LOWVILLE — Lewis County General Hospital's CEO is under fire from the hospital physicians group, but he has maintained support from his board.
“It's a little premature to put the blame on one person,” said Legislator Michael A. Tabolt, R-Croghan, chairman of the legislative Hospital Committee and a member of the county-owned hospital's board of managers.
A majority of the active medical staff in late July cast a vote of no confidence in CEO Eric R. Burch, citing in a July 23 letter to hospital managers “the erosion of our trust in Mr. Burch's management and leadership skills.”
That letter, with a packet of other letters and presentations, was sent in late August to county legislators and board members of the new hospital local development corporation to give them “a clear understanding of the depth of the medical staff's concern,” according to an attached memorandum. The packet was just provided to the Times, as well.
The board of managers responded to the doctors' letter with a unanimous affirmation of support for Mr. Burch and doesn't plan to make any immediate change in management, Mr. Tabolt said.
County legislators recently decided to contract with the Bonadio Group, Syracuse, for $56,400 to recommend operational changes at the facility, given ongoing operating losses and a debt to the county that is approaching $6 million.
That group, which is expected to issue a report in a month or two, is to scrutinize all aspects of the operation, including administrators, managers and doctors, Mr. Tabolt said.
“We're all under fire,” he said.
The board doesn't plan any major changes until it gets the opinion of the consultants, Mr. Tabolt said.
Mr. Burch did not respond to a request for comments.
In response to a request for comment sent to the hospital's spokeswoman, she provided a pair of letters dated July 26 from hospital board President William H. Wormuth to Dr. David F. Rosner, president of the hospital's medical staff. In one letter, he expressed appreciation for a separate letter of support for Mr. Burch signed by Dr. Rosner and five other hospital-employed physicians. In the other, he noted hospital managers' continued support of Mr. Burch and expressed the hope that doctors “will continue to be contributing team members and work conscientiously with the CEO, administrative staff and Board to successfully address and ameliorate the current financial crisis.”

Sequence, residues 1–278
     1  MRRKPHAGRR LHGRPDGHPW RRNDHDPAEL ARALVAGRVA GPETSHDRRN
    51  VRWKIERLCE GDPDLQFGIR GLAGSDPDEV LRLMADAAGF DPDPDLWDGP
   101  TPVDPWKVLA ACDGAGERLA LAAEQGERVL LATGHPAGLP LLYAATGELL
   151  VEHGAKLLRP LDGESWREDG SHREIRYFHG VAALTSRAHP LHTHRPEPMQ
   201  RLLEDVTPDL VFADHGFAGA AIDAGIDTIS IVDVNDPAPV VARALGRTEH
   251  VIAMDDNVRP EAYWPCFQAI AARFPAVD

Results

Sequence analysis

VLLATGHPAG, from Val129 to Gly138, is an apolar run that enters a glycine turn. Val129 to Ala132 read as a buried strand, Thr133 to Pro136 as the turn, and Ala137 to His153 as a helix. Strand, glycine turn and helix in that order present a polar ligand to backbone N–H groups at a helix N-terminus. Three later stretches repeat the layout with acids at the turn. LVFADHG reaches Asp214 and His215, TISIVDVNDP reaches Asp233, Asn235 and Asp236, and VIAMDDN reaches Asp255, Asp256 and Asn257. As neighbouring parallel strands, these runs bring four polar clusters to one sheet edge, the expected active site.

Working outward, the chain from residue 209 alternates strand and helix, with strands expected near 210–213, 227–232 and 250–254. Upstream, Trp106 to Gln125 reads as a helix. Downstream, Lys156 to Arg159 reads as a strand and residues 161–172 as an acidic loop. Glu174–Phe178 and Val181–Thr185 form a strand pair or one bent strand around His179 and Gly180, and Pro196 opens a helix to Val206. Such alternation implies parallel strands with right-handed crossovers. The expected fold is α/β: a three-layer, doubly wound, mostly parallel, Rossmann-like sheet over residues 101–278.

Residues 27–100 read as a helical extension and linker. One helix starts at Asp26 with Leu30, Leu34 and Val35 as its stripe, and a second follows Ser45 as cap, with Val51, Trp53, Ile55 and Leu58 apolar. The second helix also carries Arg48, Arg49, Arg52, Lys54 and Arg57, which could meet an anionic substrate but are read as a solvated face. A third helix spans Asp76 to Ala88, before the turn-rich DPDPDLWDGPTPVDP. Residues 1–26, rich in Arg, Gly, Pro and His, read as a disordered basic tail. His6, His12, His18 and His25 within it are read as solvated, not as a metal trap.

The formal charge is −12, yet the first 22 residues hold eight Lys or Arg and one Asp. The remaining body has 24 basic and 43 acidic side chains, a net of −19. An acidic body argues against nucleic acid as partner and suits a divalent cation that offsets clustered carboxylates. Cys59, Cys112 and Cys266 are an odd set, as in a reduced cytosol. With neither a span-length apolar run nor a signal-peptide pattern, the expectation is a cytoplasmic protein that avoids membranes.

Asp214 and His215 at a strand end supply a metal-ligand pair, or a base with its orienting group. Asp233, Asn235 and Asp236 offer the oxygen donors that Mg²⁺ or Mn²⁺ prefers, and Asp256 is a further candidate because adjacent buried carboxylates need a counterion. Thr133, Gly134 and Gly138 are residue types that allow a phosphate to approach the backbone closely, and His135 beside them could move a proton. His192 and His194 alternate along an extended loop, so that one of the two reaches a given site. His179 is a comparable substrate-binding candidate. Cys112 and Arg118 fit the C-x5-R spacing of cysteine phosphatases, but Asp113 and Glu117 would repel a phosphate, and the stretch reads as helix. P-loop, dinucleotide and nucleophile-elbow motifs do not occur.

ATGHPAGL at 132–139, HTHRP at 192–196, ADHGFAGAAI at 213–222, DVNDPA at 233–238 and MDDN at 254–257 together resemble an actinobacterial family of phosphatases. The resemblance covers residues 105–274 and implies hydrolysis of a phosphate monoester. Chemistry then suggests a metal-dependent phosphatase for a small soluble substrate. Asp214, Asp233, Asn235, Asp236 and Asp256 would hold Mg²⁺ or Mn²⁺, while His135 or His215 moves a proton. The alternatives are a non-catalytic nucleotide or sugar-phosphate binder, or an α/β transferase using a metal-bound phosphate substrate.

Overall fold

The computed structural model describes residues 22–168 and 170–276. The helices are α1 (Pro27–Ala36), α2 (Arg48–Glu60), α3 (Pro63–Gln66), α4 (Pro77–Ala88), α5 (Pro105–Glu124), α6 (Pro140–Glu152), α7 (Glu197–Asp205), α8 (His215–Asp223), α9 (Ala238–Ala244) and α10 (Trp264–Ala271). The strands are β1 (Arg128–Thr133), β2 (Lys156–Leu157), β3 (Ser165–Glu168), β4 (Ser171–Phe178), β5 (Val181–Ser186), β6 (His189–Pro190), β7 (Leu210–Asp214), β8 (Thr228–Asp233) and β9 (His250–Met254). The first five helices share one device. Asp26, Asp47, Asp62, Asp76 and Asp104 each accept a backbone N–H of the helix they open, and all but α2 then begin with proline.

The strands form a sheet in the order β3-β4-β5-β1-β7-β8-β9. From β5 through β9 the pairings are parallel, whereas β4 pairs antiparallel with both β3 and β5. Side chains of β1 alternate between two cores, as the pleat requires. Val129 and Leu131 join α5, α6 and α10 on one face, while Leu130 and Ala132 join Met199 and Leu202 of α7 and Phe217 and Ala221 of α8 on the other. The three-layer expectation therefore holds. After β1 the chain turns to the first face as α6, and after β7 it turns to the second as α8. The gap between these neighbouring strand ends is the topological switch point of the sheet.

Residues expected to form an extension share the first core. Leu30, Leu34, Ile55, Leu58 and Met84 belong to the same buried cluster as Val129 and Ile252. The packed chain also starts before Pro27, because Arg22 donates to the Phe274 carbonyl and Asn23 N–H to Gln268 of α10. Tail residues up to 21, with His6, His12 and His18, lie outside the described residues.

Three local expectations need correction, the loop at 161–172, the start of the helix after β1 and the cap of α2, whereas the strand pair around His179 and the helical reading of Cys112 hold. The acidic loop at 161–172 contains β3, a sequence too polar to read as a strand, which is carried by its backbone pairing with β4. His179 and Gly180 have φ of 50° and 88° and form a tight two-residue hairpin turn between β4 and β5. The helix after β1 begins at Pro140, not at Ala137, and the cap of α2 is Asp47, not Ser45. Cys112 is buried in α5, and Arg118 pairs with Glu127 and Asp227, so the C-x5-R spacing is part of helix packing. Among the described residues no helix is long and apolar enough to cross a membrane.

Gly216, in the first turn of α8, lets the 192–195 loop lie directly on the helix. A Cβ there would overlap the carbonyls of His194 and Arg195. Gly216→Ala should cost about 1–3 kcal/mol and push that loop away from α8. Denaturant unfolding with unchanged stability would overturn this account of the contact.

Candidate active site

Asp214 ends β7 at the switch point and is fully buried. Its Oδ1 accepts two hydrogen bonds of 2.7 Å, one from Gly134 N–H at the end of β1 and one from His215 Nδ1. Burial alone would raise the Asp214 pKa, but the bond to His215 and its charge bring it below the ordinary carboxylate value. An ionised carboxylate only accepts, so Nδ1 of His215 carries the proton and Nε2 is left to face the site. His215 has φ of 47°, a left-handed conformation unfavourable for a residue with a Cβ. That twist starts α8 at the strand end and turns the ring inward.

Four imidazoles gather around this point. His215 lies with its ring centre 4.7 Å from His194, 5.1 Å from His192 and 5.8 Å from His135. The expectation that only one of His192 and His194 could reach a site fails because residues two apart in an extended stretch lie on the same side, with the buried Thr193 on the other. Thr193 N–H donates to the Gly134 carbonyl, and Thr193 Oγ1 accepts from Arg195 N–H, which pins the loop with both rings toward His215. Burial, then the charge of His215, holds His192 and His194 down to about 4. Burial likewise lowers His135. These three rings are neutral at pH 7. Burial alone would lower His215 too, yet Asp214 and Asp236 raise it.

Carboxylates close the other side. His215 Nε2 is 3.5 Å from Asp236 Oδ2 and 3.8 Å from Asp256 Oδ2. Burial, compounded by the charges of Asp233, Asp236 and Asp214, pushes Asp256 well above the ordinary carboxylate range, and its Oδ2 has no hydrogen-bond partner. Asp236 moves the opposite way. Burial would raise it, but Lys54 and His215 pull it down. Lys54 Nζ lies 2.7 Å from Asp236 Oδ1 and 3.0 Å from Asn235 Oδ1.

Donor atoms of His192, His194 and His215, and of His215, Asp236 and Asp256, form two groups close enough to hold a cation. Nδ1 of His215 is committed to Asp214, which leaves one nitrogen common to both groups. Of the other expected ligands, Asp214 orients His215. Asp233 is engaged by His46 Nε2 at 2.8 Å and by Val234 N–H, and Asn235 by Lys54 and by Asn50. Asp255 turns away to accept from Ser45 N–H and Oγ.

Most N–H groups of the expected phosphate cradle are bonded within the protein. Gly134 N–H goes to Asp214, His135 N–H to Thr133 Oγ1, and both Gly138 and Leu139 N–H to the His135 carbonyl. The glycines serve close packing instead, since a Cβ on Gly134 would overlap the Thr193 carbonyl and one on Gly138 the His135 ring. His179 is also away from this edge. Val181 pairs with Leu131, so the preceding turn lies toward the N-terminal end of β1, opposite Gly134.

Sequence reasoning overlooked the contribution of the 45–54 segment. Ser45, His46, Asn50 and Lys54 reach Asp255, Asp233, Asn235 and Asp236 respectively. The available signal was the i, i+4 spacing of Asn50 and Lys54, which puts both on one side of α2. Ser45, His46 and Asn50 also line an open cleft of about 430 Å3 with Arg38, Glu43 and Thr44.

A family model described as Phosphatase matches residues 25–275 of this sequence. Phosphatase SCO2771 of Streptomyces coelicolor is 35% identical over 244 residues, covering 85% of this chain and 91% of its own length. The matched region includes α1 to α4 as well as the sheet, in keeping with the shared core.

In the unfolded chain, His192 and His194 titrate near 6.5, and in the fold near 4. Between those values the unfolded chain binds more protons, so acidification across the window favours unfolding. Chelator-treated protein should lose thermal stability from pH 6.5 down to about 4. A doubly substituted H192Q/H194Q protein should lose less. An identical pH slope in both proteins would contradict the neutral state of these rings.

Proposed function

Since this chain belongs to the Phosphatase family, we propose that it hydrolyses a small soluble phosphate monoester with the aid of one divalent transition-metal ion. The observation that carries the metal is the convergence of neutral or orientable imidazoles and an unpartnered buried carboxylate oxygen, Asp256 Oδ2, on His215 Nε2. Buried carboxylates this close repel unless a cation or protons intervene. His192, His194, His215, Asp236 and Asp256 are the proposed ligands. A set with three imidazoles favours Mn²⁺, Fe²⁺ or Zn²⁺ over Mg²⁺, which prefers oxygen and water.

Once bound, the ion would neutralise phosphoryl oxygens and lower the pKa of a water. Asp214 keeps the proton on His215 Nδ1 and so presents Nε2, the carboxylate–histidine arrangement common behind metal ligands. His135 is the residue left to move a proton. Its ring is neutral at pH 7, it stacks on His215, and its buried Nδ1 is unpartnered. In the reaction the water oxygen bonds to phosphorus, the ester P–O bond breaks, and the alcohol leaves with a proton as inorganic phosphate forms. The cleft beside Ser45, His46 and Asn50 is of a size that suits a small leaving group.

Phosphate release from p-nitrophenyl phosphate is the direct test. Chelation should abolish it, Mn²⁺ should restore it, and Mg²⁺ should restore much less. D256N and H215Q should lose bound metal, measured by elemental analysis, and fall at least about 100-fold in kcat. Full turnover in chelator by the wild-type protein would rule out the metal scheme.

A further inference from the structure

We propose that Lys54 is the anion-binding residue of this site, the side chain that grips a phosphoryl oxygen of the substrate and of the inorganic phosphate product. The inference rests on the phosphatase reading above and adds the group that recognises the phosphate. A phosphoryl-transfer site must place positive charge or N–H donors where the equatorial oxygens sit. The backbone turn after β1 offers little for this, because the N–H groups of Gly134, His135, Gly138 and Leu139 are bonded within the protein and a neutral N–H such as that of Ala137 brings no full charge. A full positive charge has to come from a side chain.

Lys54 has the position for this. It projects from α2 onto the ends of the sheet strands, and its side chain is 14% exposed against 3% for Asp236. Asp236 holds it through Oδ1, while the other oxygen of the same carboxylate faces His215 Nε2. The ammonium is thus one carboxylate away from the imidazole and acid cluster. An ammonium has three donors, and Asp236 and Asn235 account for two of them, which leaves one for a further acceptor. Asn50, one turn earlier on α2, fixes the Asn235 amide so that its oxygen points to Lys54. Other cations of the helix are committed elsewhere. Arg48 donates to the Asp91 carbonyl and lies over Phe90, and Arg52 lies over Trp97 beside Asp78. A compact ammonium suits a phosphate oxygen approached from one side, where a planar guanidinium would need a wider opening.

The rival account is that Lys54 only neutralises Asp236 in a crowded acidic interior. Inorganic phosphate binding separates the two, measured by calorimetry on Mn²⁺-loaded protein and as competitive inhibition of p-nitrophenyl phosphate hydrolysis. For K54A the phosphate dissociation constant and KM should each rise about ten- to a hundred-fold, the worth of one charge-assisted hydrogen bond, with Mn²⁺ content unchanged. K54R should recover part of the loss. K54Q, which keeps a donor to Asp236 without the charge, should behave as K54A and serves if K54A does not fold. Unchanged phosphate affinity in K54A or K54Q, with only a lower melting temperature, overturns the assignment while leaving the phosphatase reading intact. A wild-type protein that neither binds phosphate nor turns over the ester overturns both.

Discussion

The physicians' packet included an August 2011 letter from Dr. Steven L. Lyndaker, then president of the medical staff, expressing concern about the unexpected firing of general surgeon Dr. James V. Stillerman. Dr. Stillerman was reinstated after pressure from hospital workers and the general public.
A statement from Dr. Lyndaker to the board of managers during the same time period also was included in the packet.
The doctor, who operates a private practice at the hospital's North State Street campus, indicated that Dr. Stillerman's firing stemmed from an “alleged contract violation” for referring a potential patient to another facility. He suggested that the situation was not unique and that the surgeon was not given a chance to defend himself.
“We need to significantly improve communication between medical staff, administration and the board and place a priority on clear, respectful and transparent dialogue, with the mutual focus of ensuring the provision of high quality medical care,” Dr. Lyndaker said.
He also expressed concerns about an erosion of respect between medical staff and senior administration, leading to a strained work environment. He recommended that a medical director act as an advocate for employed physicians and that a chief medical officer position be created to “help maintain the delicate balance needed between administrative and clinical considerations.”
Dr. Lyndaker, when asked to comment on the matter, said that those issues have not substantially changed in the past year and that some have contributed to the facility's fiscal problems.
Meanwhile, Mr. Tabolt said, a follow-up meeting Tuesday with state Department of Health officials in Albany was positive. A proposed change in hospital status to increase Medicaid reimbursement remains a possibility, and state funding may be available to help cover operational losses and undertake specific projects, like a proposed dialysis center.